[ANSTHRLD] July ILOI Constance Elizabeth Campbell

tmcd@panix.com tmcd at panix.com
Sun Aug 6 06:44:59 PDT 2006

On Sun, 6 Aug 2006 debell1 at txcyber.com wrote:
> Messing with the tertiary charges on the bend can get you a maximum
> of 1 CD under our rules.

The rule being RfS X.4.j:

    j.  Changes to Charges on Charges - Changes to a group of charges
        placed entirely on other charges MAY create one clear

        No more than one clear difference can be obtained from changes
        to the same group of charges on other charges.

So changing from
    Sable, on a bend argent in dexter chief a mullet gules.
    Sable, on a bend argent 11 angels all doing the Watusi with hands
    linked purpure winged counter-ermine.
is one CD.

Someone else wrote:
> > If not, can I add ... (or a bordure that looks like the cotised
> > bend, I don't know the correct term, but I have seen it in a
> > heraldry book)

I'm afraid I can't figure out what you're describing just from those
words.  I don't suppose you could do a simple image and put it on a
Web page somewhere?

"Cotising" is called "cotising" no matter what charge the cotises are
around, except for a pale in which case it's "a pale endorsed".

If you mean "a bordure cotised": I would have sworn that there was an
explicit precedent that only double-sided central ordinaries can be
cotised, but I can only find something in the Pic Dic:

    COTISING -- Cotising is the addition to either side of an ordinary
    of a stripe parallel to the ordinary's edge; these stripes are
    usually termed "cotises".  The bend was the earliest ordinary to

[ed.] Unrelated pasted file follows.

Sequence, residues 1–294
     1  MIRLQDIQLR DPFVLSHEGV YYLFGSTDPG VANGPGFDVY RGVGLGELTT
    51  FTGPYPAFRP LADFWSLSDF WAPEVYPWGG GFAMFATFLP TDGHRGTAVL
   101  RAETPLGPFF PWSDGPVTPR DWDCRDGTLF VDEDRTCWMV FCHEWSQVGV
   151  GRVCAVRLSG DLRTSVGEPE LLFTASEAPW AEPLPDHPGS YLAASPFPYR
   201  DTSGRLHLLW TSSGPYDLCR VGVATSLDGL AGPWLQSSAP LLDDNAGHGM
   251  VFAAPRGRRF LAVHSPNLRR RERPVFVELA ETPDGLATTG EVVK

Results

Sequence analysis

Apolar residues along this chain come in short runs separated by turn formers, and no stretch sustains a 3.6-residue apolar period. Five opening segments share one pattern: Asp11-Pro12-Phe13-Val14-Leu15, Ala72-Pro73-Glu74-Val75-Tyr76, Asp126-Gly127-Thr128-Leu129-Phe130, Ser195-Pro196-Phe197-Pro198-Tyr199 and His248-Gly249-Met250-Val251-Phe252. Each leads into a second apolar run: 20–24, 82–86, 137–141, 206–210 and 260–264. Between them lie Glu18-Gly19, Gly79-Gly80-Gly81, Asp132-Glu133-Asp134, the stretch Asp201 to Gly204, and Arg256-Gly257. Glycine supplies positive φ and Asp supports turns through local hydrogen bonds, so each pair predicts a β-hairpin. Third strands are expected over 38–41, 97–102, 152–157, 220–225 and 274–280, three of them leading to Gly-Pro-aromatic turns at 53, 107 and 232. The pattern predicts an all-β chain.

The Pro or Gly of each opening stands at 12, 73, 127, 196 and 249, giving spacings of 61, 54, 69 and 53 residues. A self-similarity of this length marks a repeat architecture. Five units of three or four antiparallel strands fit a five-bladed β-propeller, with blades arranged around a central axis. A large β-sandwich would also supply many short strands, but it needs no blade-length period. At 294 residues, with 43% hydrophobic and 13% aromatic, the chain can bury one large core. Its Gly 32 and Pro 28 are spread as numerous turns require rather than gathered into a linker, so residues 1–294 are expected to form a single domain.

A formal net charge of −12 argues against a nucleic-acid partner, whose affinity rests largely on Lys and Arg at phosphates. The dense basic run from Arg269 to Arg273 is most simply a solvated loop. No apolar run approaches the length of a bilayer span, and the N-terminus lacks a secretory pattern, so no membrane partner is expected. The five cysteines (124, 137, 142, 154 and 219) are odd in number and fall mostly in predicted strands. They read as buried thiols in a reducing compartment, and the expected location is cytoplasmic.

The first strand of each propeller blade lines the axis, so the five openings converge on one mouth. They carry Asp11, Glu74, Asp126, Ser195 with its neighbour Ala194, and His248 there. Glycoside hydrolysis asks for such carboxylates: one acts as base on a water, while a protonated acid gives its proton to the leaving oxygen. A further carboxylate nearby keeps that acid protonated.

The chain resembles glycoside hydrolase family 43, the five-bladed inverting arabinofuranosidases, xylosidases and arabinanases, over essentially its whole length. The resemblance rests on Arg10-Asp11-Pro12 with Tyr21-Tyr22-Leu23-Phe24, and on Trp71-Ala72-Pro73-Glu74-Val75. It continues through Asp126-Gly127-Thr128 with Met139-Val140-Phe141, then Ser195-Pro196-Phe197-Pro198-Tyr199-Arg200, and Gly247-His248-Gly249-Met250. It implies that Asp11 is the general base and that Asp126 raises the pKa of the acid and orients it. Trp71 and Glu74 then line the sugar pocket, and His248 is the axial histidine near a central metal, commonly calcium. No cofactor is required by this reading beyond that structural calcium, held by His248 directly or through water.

be cotised in mundane heraldry [143], but the fess and the pale
    quickly followed; and any double-sided ordinary may be cotised in
    Society heraldry.

There is a charge called an "orle", which I call "a bordure that's
been washed on 'hot'": it's a bordure that's had its edges shoved
inward, so there's now a gap of field visible outside it.
<http://www.sca.org/heraldry/primer/anorle.gif>, linked to off of
I don't know that that can be cotised: I doubt it.

The diminutive (== much thinner) version of the orle is the
"tressure".  <http://www.sca.org/heraldry/primer/atressure.gif>
However, we don't register single diminutives.  (Example: the "bar" is
the diminutive of the "fess".  We will register "a fess", but not "two
fesses", "two bars", "three bars", et cetera, but not "a bar".)  If
you drew a thick tressure, we'd blazon it as an "orle"; if you drew a
thin tressure, we'd return it for drawing an orle too thin.

There's a "double tressure":
oh dear sweet zombie Jesus, I just hit
Ahem.  Anyway.
<http://www.bozzle.com/ImagesHeraldic/ordDoubTressure.gif> isn't a bad
depiction.  (Example of not-a-single diminutive.)

I lied above: you can have a single tressure, when it's on a bordure.
If the tressure is the same tincture of the field, you might visually
get an effect rather like an orle within a bordure, which is also

Does this help at all?

Danihel de Lindo
Tim McDaniel; Reply-To: tmcd at panix.com

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